Step 4: The top trim

Now that the sides of the bed are assembled, time to put the top on. The width of the 4x4 plus the outside trim means we need about a 4.5" wide board. Thus, we had to buy the 1x6s and rip them to the appropriate size. So, you know, do that. This is what the table saw is for. I even took a picture of it (the saw was off at the time, don't worry). 

Miter them corners up
Now comes the fun part. We are going to miter the corners of the top frame, so that it doesn't look like the bed was made entirely by a third grader. To do this, you need a miter saw. Turn the saw to a 45 degree angle. Cut the angle on both side pieces. Then you can measure the length they need to be and cut them off straight at the right measurement. Way easier than a precise measurement on a miter cut. For the foot you will obviously need to make two mitered cuts. Measure using the fat end. Make sure you also take into account the width of the saw blade, and where it lines up to your cut line. Good job. Now do a test fit to see that everything is playing nicely (There's even a photo of this to check your progress.) 

Add mini studs
This step is probably completely unnecessary, but again, I am a man that enjoys overkill. So we're going to go along and place mini "studs" along the edge of the trim for further support for the top and side trim. To do this measure exactly the height from the frame stud to the top of the pine. Now take your 2x2 and cut about 15 or so pieces to the same height. To make this easier, clamp a scrap piece of wood on the end of the miter saw the appropriate distance from the blade, so you don't have to measure every piece, you can just butt it up against the scrap and they'll all be the same length. There is a picture here to show what I mean also.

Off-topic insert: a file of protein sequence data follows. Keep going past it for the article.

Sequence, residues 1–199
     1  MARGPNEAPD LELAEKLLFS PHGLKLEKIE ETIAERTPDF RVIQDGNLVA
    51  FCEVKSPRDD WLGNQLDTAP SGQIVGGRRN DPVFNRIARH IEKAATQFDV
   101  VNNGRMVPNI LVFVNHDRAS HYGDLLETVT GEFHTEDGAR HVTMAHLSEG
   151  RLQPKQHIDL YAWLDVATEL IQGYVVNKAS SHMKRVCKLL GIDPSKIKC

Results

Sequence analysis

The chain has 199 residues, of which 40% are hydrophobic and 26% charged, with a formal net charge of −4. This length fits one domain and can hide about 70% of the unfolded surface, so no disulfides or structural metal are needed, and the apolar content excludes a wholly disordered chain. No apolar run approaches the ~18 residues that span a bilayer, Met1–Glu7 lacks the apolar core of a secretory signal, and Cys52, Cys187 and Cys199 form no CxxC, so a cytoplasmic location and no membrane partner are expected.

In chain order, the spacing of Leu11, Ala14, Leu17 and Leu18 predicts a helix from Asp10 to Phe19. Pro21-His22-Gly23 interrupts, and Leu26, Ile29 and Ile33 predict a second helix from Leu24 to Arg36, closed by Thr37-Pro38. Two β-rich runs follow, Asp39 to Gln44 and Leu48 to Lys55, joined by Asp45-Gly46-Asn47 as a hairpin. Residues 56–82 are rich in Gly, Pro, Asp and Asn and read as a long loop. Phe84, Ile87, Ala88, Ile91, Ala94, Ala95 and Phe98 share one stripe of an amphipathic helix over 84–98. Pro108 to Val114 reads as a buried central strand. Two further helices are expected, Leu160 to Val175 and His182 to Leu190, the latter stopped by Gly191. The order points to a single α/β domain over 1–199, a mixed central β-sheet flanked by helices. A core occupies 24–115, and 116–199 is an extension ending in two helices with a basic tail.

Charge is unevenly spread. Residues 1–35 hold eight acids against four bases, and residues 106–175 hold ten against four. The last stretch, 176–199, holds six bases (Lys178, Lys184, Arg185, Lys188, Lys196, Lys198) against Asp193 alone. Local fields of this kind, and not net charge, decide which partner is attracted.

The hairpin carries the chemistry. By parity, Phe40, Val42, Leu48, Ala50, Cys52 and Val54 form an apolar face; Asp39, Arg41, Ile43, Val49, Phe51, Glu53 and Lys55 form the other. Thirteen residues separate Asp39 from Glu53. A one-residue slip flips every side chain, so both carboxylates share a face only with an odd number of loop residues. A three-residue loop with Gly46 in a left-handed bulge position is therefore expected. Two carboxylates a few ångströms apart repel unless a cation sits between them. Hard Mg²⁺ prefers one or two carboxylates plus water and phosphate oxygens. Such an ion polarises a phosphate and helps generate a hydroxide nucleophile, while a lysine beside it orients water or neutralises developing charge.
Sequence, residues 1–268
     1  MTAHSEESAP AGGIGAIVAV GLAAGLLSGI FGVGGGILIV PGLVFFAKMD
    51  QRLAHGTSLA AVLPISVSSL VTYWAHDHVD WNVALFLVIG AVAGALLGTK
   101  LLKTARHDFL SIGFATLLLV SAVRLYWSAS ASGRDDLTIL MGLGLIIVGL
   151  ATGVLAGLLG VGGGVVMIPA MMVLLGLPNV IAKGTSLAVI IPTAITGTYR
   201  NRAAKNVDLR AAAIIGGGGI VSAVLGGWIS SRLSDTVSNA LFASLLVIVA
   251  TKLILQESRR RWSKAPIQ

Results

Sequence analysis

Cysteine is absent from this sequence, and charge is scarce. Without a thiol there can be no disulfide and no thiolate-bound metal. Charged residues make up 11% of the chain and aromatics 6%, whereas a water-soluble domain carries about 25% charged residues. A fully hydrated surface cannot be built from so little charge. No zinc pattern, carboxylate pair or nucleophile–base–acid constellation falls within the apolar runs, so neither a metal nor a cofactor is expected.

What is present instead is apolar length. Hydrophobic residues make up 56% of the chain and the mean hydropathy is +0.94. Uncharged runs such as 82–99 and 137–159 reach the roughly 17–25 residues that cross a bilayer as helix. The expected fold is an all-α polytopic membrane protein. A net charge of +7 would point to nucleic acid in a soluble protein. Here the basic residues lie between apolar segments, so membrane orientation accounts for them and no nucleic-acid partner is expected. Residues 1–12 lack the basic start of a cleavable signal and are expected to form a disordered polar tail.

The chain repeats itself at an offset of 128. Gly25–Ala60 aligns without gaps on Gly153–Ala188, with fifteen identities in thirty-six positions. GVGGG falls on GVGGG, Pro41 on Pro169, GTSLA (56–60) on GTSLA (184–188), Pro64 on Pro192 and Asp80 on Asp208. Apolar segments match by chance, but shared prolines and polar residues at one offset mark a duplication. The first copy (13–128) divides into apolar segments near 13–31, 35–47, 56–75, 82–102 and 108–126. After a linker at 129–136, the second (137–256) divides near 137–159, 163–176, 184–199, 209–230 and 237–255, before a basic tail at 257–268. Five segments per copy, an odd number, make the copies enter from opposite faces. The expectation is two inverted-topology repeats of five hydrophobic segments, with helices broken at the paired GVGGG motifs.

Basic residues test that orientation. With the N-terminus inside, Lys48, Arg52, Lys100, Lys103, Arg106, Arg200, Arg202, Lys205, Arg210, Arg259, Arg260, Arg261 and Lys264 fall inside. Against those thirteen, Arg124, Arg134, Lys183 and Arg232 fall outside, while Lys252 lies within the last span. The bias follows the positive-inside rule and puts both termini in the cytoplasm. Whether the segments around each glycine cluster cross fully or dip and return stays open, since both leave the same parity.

Now arrange, glue and nail these along the perimeter of the bed (as shown). When that is finished, you may apply the top trim by gluing clamping and nailing in the appropriate locations. 

Give it legs
As nice as the 4x4 legs look, you need to make them even with the trim. So what I did was cut some scrap 1x6 pieces to 1/4" less than the height of the leg. This allows for some room so that the 4x4 still supports the bed and not your arbitrarily placed scrap wood. And it's long enough that it looks like that's all its resting on. Anyway, glue and nail these pieces in. I only did the outside corners, and mitered the edge, to make it as clean as I could make it look. 

Now it's finally starting to look like a bed!